1. “Tips & Tricks”

Screen Shot 2015-06-22 at 6.11.26 PM
This is what our funding graph looked like. Day 1 started at 6pm on a Wednesday.

There are many articles like this one that offer up simple tips and tricks to improve your chances of success. Here are a few that I read about, and then implemented in my campaign.

-Launch your campaign on Wednesday. That’s when Kickstarter brings in the most money. People are busy on the weekend, and too depressed to buy stuff on Mondays and Tuesdays. Since a big Day 1 is so important, give yourself the best chance by launching on Wedneday. We launched at 6:00pm Eastern Time, to get people right after they left work for the day.

-Have high reward levels (because who knows, maybe some really rich person loves you), low reward levels (because even if someone gives $1, it’ll help your project’s algorithm), and a standard reward level ($25 is the most successful level, and is where we made the vast majority of our money).

-Set a good goal. Figure out how much you’d need to raise for you to manufacture at your lowest level. That way, if you just barely hit your goal, you’ll still be able to deliver without pulling from your personal funds. And if you don’t hit your goal, them you don’t get stuck needing to spend a lot on manufacturing to deliver to only a few.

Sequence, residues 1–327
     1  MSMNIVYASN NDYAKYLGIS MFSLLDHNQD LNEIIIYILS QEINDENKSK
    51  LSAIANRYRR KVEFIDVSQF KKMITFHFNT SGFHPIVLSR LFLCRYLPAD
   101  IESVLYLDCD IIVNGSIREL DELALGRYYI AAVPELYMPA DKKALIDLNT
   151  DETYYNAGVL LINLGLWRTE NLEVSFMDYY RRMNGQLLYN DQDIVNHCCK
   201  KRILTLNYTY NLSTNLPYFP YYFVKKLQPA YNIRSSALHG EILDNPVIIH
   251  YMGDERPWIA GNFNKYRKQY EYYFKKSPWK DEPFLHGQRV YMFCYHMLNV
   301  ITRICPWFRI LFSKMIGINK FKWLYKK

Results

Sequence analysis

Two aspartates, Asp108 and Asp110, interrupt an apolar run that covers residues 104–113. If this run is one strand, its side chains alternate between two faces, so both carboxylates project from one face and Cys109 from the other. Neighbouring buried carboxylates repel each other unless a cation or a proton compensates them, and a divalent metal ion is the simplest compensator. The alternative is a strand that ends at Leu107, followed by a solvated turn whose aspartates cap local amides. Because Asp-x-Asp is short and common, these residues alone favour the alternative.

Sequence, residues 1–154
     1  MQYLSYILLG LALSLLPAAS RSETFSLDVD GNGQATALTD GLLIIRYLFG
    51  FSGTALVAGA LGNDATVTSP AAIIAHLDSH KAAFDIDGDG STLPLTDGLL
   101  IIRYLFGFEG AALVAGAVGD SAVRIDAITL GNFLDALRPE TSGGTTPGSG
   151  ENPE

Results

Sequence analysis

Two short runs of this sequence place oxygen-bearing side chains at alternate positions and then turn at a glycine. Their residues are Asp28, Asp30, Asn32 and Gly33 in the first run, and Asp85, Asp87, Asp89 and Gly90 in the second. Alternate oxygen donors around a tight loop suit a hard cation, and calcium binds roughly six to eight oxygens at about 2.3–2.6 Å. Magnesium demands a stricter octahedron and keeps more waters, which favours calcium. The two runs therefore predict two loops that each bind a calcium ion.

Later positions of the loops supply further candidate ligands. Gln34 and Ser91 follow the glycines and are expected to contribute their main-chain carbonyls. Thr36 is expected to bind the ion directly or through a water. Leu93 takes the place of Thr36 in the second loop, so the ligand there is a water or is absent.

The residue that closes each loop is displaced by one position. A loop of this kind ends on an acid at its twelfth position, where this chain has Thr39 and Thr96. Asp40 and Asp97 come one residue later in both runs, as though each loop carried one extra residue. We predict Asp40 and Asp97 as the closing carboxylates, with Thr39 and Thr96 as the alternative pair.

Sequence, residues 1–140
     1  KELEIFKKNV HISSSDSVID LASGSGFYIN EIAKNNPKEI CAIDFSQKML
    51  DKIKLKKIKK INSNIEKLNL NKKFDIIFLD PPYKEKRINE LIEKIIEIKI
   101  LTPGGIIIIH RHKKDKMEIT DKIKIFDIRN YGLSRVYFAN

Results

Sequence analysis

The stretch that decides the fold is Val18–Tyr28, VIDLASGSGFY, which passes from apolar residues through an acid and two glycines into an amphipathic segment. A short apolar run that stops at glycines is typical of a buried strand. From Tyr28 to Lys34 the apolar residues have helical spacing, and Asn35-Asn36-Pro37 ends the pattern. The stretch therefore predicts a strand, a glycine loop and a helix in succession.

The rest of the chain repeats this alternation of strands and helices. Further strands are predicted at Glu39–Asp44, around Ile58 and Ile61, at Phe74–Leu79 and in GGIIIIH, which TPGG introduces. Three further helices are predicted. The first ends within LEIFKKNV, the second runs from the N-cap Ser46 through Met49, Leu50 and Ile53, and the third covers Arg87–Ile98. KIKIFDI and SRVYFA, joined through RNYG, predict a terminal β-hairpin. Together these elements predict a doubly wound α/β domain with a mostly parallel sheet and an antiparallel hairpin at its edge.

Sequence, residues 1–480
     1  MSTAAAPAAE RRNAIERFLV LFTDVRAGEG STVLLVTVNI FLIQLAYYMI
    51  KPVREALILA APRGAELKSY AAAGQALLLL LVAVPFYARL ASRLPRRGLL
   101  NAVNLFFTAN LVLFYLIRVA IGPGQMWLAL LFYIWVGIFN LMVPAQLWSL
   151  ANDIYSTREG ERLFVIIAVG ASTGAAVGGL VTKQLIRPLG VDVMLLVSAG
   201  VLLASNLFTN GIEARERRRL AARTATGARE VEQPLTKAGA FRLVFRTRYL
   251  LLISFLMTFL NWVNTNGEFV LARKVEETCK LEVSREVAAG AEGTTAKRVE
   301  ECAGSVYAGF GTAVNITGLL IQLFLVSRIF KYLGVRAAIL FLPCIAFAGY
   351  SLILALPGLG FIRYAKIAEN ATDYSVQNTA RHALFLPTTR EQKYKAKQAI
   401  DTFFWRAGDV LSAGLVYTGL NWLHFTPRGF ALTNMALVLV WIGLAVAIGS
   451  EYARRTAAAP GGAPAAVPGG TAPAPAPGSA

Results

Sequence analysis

1. Get Lucky

In the end, we got lucky. Like I mentioned at the beginning, the things written here are hunches. I don’t know the almighty Kickstarter algorithm that kept us at the top of the page so long. Maybe if one tiny thing had been done differently, or one person had decided to not back us during the first few hours, it would have set a much lower trajectory. Many better campaigns than ours have failed. Many worse projects than ours have succeeded. In the end, a lot of your “success” or “failure” is out of your hands.



That being said, though, there sure is a LOT you can do to tip the scale in your favor. Hopefully points 1 through 7 will help you to hit your goal and make your next dream a reality!

3 Responses

  1. Wade Welsh
    | Reply

    Amazing and incredibly helpful post Travis. One of the best posts I’ve read on Kickstarter. Thank you for taking the time to write this. The term Day 1 Blitz brings such clarity to the importance of the first day. I’m using that for sure.

  2. Simon
    | Reply

    Very Inspiring! A gold mine for prospective product developers. Thank you for the insight.

  3. James
    | Reply

    I think confidence that you can deliver is a huge point now after seeing a few projects very successfully raise money, then struggle to deliver (Fidget Cube for example!!).

    Best of luck with your Kickstarter campaign for Tortuga, looking like it will be very successful, and you’ll be kept busy for a while there Travis!!